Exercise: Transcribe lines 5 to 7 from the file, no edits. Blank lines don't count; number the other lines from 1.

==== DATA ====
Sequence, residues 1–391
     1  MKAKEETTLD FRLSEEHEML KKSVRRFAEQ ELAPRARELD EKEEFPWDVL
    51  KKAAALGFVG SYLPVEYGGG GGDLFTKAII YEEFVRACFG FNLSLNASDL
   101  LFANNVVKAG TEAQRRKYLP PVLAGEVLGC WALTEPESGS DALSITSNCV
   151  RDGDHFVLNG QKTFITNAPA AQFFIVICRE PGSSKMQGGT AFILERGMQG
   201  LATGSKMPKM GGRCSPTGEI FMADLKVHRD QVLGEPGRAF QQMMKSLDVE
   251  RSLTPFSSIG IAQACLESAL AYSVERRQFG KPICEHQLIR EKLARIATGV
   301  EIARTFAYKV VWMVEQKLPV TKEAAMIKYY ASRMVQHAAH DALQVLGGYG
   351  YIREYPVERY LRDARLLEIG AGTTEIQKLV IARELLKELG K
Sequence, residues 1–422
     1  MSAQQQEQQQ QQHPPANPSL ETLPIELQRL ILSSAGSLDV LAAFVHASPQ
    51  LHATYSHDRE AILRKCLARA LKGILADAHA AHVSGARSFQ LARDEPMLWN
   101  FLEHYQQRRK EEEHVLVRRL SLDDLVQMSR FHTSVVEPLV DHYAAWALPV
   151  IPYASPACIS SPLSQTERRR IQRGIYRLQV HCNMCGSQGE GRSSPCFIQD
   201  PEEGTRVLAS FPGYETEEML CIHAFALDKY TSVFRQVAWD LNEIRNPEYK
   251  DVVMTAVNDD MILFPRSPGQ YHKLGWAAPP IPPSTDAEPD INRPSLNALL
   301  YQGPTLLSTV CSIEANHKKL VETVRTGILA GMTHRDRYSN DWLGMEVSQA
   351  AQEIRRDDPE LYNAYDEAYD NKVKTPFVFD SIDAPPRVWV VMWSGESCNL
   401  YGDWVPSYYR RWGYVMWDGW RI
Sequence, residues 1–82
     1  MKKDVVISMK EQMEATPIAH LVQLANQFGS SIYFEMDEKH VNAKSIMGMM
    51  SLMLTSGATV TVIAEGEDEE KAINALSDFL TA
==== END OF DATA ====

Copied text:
   151  RDGDHFVLNG QKTFITNAPA AQFFIVICRE PGSSKMQGGT AFILERGMQG
   201  LATGSKMPKM GGRCSPTGEI FMADLKVHRD QVLGEPGRAF QQMMKSLDVE
   251  RSLTPFSSIG IAQACLESAL AYSVERRQFG KPICEHQLIR EKLARIATGV